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Detroit Drives Forward For The Car Of The Future46:24
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With guest host Jane Clayson.

Detroit has missed the boat before, but says this time, it won’t let Silicon Valley beat it to the car of the future.  It’s rolling out big ideas and big designs.

President Barack Obama steps from the new Chevrolet Bolt electric car as Dan Ammann, President, General Motors Company, stands right and Patrick Foley, controls manager for the Bolt EV at GM in Detroit, stands left, during a tour of the 2016 North American International Auto Show in Detroit, Wednesday, Jan. 20, 2016. (AP Photo/Carolyn Kaster)
President Barack Obama steps from the new Chevrolet Bolt electric car as Dan Ammann, President, General Motors Company, stands right and Patrick Foley, controls manager for the Bolt EV at GM in Detroit, stands left, during a tour of the 2016 North American International Auto Show in Detroit, Wednesday, Jan. 20, 2016. (AP Photo/Carolyn Kaster)

Guests

Joann Muller, Detroit bureau chief for Forbes Magazine. (@JoannMuller)

Ken Washington, vice president for research and advanced engineering at the Ford Motor Company. (@kenatcman)

Chris Ruff, CEO and President of UIE Evolution, a cloud-computing software company. (@chrisruff)

From The Reading List

Forbes: GM, The Lumbering Giant, Suddenly Looks Fleet-Footed In The Race To Provide Future Mobility Services — "GM invested $500 million in Lyft and said it will work with the ride-sharing company to develop a fleet of on-demand autonomous vehicles. It also announced a technology partnership with MobileEye to crowd-source advanced mapping data for self-driving cars. And it introduced the Chevrolet Bolt, the first long-range, electric car real people can afford to buy – which also happens to be the perfect car for the sharing economy."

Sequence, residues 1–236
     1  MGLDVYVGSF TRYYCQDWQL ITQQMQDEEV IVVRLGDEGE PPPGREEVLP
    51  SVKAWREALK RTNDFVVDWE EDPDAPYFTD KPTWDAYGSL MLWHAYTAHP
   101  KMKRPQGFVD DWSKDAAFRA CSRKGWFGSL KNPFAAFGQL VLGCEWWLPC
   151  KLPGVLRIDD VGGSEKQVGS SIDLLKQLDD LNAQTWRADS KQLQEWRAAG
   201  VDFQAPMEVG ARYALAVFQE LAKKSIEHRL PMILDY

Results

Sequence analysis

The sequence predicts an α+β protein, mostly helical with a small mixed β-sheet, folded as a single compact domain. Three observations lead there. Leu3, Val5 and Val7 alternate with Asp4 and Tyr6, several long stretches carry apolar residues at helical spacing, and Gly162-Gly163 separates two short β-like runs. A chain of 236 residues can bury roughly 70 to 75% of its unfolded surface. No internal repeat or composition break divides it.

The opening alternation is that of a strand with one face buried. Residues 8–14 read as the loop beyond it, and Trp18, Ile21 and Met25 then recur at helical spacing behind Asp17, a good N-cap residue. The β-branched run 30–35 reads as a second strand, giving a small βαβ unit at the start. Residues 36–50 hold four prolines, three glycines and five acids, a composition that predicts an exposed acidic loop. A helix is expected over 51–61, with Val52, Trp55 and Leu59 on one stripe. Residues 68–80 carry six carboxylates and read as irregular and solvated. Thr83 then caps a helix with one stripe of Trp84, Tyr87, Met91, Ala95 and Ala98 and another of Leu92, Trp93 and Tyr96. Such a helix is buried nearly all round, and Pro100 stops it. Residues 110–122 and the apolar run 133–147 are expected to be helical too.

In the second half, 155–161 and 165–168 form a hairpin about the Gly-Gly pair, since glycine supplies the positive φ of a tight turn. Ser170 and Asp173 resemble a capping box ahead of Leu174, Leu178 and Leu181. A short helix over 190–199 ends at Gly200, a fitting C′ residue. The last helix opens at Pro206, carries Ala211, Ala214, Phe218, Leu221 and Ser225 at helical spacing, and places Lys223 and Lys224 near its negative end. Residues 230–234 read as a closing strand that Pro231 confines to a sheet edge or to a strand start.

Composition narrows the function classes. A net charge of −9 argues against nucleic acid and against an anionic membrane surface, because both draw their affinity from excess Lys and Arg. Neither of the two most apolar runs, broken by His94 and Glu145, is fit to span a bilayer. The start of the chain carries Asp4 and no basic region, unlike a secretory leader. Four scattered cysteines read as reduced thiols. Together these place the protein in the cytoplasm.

CBS News: An existential threat to the auto industry -- "U.S. auto sales may have hit a record last year, but a newly released study shows such records may soon be harder to set. It found a decline in the number of younger people getting drivers' licenses, suggesting American attitudes on conventional car ownership are shifting and leading to profound changes in the auto industry."

Detroit Free Press: No turning back in race to fully autonomous cars -- "The kabuki dance between automakers and tech companies captured center stage at this year's North American International Auto Show, but we are years from knowing how the drama ends. Rather than elaborately designed costumes, artful makeup, outlandish wigs and exaggerated movements, this emerging story is about microscopic sensors, cameras, a remote sensing technology called LiDAR and 3-dimensional maps."

This program aired on January 25, 2016.

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